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The Electrochemical Flow Capacitor: A New Concept for Rapid Energy Storage and Recovery

Authors

  • Volker Presser,

    1. A. J. Drexel Nanotechnology Institute, Department of Materials Science and Engineering, Drexel University, Philadelphia, PA 19104, USA
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  • Christopher R. Dennison,

    1. Electrochemical Energy Systems Laboratory, Department of Mechanical Engineering, Drexel University, Philadelphia, PA 19104, USA
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  • Jonathan Campos,

    1. A. J. Drexel Nanotechnology Institute, Department of Materials Science and Engineering, Drexel University, Philadelphia, PA 19104, USA
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  • Kevin W. Knehr,

    1. Electrochemical Energy Systems Laboratory, Department of Mechanical Engineering, Drexel University, Philadelphia, PA 19104, USA
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  • Emin C. Kumbur,

    Corresponding author
    1. Electrochemical Energy Systems Laboratory, Department of Mechanical Engineering, Drexel University, Philadelphia, PA 19104, USA
    • Electrochemical Energy Systems Laboratory, Department of Mechanical Engineering, Drexel University, Philadelphia, PA 19104, USA
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  • Yury Gogotsi

    Corresponding author
    1. A. J. Drexel Nanotechnology Institute, Department of Materials Science and Engineering, Drexel University, Philadelphia, PA 19104, USA
    • A. J. Drexel Nanotechnology Institute, Department of Materials Science and Engineering, Drexel University, Philadelphia, PA 19104, USA.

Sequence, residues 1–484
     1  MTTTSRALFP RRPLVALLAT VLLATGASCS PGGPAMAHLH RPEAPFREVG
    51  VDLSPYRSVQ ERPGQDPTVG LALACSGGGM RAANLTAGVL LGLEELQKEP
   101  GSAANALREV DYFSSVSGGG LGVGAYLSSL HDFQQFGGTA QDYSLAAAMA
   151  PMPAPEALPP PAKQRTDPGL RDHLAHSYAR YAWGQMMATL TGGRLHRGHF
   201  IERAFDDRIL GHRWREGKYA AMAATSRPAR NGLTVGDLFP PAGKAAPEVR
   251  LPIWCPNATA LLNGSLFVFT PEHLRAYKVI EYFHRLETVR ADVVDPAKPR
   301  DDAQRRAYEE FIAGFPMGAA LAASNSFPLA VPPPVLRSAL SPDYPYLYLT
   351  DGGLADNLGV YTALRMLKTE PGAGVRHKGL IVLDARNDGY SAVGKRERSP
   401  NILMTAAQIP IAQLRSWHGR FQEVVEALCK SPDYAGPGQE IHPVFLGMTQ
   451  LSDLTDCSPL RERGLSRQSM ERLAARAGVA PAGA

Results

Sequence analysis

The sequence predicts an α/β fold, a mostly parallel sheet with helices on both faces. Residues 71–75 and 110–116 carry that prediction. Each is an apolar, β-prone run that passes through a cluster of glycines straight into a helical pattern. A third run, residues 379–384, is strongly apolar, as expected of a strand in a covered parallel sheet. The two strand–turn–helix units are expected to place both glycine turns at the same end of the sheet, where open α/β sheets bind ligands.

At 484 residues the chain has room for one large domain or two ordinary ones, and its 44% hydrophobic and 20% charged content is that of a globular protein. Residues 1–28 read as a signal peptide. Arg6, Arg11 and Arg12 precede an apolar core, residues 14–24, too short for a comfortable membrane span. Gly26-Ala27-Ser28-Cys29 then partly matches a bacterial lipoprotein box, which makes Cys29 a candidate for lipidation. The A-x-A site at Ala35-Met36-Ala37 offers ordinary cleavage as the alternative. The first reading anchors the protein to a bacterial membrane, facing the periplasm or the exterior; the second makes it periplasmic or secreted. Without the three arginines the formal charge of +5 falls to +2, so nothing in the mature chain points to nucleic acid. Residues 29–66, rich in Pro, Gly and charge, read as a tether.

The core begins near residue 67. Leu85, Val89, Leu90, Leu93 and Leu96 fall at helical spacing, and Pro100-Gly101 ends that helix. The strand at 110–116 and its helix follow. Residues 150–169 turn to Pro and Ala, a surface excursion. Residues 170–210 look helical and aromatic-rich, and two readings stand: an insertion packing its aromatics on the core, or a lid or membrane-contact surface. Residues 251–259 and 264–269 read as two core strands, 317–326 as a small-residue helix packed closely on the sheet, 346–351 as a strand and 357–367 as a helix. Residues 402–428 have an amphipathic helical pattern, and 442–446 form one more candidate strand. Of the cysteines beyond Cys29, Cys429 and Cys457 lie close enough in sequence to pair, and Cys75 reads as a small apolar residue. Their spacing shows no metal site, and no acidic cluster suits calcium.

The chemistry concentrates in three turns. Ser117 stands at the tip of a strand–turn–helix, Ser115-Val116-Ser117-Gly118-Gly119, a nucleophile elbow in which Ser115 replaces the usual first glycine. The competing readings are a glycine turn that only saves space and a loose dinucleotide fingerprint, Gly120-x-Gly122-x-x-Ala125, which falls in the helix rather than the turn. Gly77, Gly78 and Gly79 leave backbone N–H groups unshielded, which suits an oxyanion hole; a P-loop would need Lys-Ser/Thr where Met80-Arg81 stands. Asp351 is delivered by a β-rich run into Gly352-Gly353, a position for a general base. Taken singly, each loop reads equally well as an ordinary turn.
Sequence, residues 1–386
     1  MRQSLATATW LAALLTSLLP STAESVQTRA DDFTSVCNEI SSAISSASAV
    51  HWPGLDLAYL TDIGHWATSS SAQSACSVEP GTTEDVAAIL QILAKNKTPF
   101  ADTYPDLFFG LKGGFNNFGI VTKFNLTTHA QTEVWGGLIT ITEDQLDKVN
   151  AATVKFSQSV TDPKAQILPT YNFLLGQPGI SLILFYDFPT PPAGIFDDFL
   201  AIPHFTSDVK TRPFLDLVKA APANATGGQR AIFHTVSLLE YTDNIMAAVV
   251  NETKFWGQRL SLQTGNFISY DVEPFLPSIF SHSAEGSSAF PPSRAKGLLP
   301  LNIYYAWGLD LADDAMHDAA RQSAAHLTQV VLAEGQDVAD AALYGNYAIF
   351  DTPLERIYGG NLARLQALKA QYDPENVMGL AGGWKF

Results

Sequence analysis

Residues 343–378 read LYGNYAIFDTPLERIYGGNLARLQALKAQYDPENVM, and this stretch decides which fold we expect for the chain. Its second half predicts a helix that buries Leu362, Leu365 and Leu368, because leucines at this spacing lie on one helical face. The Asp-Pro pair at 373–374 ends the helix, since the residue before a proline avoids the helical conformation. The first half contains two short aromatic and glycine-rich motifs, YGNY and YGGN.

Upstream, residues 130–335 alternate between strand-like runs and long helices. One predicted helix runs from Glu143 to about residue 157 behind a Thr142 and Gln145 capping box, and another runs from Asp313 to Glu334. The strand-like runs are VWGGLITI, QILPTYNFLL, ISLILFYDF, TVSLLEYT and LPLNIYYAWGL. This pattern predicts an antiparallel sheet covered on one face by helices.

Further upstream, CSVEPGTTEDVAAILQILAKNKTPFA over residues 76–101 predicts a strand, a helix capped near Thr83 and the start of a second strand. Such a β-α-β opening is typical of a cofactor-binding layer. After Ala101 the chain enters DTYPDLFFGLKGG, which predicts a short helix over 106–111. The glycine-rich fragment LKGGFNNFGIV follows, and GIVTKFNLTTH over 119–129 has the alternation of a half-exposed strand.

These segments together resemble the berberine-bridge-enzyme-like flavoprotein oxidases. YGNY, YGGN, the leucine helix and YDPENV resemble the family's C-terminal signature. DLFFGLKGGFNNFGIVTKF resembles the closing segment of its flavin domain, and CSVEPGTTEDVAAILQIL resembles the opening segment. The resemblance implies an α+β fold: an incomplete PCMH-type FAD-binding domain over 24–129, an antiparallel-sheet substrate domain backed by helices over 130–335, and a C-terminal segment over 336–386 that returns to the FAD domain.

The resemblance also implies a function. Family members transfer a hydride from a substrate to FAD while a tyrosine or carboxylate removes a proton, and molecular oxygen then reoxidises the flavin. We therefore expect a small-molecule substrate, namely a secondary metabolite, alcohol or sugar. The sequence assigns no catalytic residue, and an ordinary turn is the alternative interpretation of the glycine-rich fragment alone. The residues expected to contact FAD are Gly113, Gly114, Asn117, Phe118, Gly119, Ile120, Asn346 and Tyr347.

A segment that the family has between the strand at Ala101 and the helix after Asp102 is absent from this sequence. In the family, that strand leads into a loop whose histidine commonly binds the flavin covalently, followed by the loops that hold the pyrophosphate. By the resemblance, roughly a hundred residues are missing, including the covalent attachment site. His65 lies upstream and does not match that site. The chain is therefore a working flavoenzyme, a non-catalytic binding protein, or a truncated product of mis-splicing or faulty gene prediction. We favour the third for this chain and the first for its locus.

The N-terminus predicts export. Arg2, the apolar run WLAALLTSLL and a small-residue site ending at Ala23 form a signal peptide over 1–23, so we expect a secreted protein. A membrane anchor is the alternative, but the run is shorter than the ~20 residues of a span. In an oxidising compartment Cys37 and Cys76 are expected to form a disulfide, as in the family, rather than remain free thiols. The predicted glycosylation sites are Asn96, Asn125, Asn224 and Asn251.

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Abstract

Availability of grid-scale electric energy storage systems with response rates on the order of seconds plays a key role in wide implementation of renewable energy sources. Here, a new concept called the electrochemical flow capacitor (EFC) is presented. This new concept shares the major advantages of both supercapacitors and flow batteries, providing rapid charging/discharging while enabling the decoupling of the power and energy ratings. Like in supercapacitors, energy is stored in the electric double layer of charged carbon particles. A flowable carbon-electrolyte mixture is employed as the active material for capacitive energy storage, and is handled in a similar fashion to flow or semi-solid batteries (i.e., for charging/discharging, it is pumped into an electrochemical cell, and for storage, it is pumped into reservoirs). This study presents the proof-of-concept of this technology and reports initial EFC performance data obtained under static and intermittent flow operations.

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